by Mike Harm -- firstname.lastname@example.org
There was a demo of the PowerPC in the Apple Pavilion. The Apple rep talked about scalability and how they can increase speed by two, three and four times past current speeds. He then did a demo in which he ran Fractal Designer 2.5 on a 66 MHz Compaq Pentium Machine and compared it to a 66 MHz PowerPC Mac. Normally, Apple demos cheat in these tests by giving the DOS machine stock, slow bus video while most Macs have fast onboard video, but the demo involved very few screen draws so it was probably reasonably fair. The presenter launched Fractal Design on the Pentium box and started the test. He then spent 45-50 seconds describing the test (image blur, rotate, color separation - basically an integer and floating point mix with few disk accesses). After 45 seconds he started the PowerPC, which still won by about five seconds.
The PowerPC talk was odd in that the Apple guy was saying that PowerPC was going to be the future of Apple computers, it was great, it would let you do stuff you never imagined before, etc. and it would be available in just a few months. But, twenty feet away was the booth showing off the AV Macs, which left one to wonder why anyone would be interested in 680x0-based Mac now... but a lot of people were buying them, so I guess there's some sense to it. [I suspect it has something to do with people needing a new Mac now, and not wanting to bet on the first PowerPCs being completely compatible right off. -Adam]
Apple said it plans to offer upgrades for many of the newer Mac models, and DayStar plans to sell cards for several models for which Apple won't offer upgrade. So there's hope for you Mac IIsi owners out there!
An Apple Developer talk went into the nuts and bolts of the PowerPC, showing how the PowerPC architecture could be scaled up internally and how the Pentium can't (for instance, the first two clock ticks of a floating point operation on a Pentium are done in the integer unit, so integer and floating point operations cannot be done concurrently). Basically, the only thing the Pentium can do is increase clock speed; it has hit its architectural ceiling. The talk went on a lot about emulation mode and how a PowerPC can run almost any ordinary Mac application.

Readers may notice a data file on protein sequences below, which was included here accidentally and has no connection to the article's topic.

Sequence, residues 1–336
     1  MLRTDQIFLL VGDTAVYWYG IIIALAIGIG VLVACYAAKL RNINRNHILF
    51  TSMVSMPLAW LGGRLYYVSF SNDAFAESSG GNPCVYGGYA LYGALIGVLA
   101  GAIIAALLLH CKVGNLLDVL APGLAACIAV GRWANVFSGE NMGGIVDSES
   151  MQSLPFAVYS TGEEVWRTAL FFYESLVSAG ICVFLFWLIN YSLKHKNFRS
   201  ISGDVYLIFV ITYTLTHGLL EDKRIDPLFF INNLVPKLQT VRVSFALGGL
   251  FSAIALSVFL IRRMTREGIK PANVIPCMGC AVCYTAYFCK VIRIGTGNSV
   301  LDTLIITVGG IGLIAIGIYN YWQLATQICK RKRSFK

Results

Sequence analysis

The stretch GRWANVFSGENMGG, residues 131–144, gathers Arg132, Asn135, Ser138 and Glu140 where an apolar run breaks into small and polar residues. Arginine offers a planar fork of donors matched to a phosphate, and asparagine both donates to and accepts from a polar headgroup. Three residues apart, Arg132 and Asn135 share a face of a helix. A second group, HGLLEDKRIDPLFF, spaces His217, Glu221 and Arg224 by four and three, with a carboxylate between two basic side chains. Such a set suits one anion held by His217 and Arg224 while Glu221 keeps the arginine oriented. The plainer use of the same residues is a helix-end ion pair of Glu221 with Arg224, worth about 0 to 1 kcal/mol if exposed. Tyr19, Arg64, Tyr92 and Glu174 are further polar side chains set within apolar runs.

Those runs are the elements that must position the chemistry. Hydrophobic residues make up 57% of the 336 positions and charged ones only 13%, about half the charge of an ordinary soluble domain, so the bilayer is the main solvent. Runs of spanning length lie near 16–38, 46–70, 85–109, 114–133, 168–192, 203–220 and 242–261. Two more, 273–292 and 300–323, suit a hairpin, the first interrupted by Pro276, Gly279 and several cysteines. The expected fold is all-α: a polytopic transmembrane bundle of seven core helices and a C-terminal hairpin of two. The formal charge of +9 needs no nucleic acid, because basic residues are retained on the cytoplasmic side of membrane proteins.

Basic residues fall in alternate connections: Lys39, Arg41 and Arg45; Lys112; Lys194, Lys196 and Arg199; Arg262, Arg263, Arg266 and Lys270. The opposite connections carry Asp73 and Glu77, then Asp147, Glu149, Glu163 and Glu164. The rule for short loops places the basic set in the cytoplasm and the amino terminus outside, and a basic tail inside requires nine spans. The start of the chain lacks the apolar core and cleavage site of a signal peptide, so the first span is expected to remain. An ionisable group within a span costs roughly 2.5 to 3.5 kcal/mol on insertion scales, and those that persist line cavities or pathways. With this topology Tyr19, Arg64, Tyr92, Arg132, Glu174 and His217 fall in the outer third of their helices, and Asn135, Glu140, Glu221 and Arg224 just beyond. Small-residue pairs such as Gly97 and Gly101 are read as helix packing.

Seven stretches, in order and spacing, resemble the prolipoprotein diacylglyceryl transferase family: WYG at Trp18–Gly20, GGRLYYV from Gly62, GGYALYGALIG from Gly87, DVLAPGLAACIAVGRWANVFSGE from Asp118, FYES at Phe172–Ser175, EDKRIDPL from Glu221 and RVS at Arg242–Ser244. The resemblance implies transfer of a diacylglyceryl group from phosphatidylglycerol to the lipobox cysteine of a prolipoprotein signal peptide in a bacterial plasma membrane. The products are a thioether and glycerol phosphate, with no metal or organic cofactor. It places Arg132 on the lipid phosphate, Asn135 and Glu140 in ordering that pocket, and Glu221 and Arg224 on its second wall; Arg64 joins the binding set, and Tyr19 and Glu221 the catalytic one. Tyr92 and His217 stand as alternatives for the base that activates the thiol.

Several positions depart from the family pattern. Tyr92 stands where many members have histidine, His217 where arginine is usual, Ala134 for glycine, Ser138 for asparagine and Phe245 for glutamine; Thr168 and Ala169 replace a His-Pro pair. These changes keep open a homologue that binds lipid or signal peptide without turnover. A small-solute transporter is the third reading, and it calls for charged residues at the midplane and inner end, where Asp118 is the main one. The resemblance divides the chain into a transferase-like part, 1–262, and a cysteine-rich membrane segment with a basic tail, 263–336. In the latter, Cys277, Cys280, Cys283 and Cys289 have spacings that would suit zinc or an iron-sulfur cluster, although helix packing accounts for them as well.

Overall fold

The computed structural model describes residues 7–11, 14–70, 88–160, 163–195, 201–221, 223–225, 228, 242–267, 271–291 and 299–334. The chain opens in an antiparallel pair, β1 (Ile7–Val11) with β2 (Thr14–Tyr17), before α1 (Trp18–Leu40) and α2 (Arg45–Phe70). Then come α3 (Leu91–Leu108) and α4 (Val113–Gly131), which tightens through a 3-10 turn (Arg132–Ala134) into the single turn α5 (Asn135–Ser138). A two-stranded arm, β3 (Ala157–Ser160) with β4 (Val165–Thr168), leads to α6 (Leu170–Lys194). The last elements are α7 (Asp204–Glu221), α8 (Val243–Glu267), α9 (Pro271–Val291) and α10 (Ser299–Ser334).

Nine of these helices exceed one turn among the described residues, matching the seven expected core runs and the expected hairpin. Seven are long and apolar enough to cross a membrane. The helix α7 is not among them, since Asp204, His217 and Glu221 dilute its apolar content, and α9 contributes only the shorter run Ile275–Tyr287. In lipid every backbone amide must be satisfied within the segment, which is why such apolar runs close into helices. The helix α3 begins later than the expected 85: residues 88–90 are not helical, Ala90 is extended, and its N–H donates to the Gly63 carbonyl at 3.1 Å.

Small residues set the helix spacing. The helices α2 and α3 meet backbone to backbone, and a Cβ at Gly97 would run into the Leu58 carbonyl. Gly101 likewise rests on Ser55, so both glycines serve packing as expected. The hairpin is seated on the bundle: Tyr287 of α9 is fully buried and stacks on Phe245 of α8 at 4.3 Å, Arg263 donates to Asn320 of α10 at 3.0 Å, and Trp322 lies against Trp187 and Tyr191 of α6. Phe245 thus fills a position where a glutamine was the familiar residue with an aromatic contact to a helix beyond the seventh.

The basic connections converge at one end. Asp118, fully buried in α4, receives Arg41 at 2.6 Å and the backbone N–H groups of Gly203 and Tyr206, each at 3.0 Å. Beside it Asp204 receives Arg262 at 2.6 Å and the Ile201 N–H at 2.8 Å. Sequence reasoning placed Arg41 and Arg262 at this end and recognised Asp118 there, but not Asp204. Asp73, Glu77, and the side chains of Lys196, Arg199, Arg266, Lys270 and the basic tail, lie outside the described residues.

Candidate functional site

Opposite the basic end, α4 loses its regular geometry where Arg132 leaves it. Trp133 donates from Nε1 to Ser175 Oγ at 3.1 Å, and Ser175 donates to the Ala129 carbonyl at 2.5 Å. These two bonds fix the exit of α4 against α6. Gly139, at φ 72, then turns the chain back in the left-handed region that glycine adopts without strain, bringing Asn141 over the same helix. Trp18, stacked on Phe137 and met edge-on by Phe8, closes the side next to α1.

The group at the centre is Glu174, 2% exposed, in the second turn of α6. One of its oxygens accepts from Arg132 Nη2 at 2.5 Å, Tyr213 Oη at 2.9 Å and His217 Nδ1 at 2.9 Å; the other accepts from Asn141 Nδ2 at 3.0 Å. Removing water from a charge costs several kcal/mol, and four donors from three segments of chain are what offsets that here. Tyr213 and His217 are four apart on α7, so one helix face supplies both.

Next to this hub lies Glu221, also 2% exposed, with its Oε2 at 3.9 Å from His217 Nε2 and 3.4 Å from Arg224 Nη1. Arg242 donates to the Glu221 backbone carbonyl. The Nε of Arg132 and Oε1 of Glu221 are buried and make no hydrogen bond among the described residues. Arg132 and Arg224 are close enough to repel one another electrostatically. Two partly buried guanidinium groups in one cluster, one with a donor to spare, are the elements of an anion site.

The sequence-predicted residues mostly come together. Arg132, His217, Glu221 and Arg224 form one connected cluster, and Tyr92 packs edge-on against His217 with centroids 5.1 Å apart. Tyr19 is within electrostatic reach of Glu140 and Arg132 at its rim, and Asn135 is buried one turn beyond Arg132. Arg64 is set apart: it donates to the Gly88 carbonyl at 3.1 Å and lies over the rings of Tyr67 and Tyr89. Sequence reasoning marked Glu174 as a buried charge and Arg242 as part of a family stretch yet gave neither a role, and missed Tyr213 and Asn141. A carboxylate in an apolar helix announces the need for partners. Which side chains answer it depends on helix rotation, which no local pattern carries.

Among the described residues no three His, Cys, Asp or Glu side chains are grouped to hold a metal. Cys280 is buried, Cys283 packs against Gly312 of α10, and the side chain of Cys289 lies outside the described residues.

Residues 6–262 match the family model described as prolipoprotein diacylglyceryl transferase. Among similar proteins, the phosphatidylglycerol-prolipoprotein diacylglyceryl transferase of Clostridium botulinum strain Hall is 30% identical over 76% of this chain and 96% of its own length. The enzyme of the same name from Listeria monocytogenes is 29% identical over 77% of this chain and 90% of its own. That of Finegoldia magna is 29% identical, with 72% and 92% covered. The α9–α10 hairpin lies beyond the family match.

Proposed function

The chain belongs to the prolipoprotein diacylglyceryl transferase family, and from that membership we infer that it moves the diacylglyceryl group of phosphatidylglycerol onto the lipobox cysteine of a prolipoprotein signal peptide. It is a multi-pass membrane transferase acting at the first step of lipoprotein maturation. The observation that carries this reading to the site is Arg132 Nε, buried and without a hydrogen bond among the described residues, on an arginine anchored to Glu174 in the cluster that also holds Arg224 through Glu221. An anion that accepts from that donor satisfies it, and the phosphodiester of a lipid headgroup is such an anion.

Many booths on the floor were showing their wares in native PowerPC applications, with real PowerPCs hidden under a black cloth. [I'm not sure why they bothered to hide the machines, given the fact all the real ones I saw at various times looked much like normal Macs (generally the Quadra 610 case) without a nameplate. -Adam]
An engineer from Apple said they brought a case of champagne to a conference a month ago and offered a bottle to anyone whose Macintosh application could work on a normal Mac but crash a PowerPC in emulation mode. They didn't give any away.
Microsoft said they probably wouldn't have native PowerPC versions of Word or Excel done when the PowerPC Macs ship, but shortly thereafter. They are busy getting Word 6.0 up on the Mac first, then worrying about PowerPC stuff. [You have to wonder if Word or Excel for NT might not be draining a few resources right now as well. -Adam]
Wolfram Research said there wouldn't be a student version of native Mathematica for the PowerPC, because it would have to be every bit as fast as the full blown version (which would be, of course, as fast as a Sparc 2) due to the fact that the SANE math library on the Mac will be native PowerPC, and not emulated. Another guy said there would be a lower-priced student version, however, that would be cut back in some other way.
Biggest Lies of the Show
"WordPerfect Inc. has always had an eye on the Macintosh market."
"Apple has a terrific track record with respect to offering machine upgrades."
"Microsoft will be working with other smaller companies in a collaborative effort."
"Apple has always encouraged the small developer."
"An Iris Indigo workstation is just as easy to use as a Macintosh." (for some reason, Iris had a display at Macworld)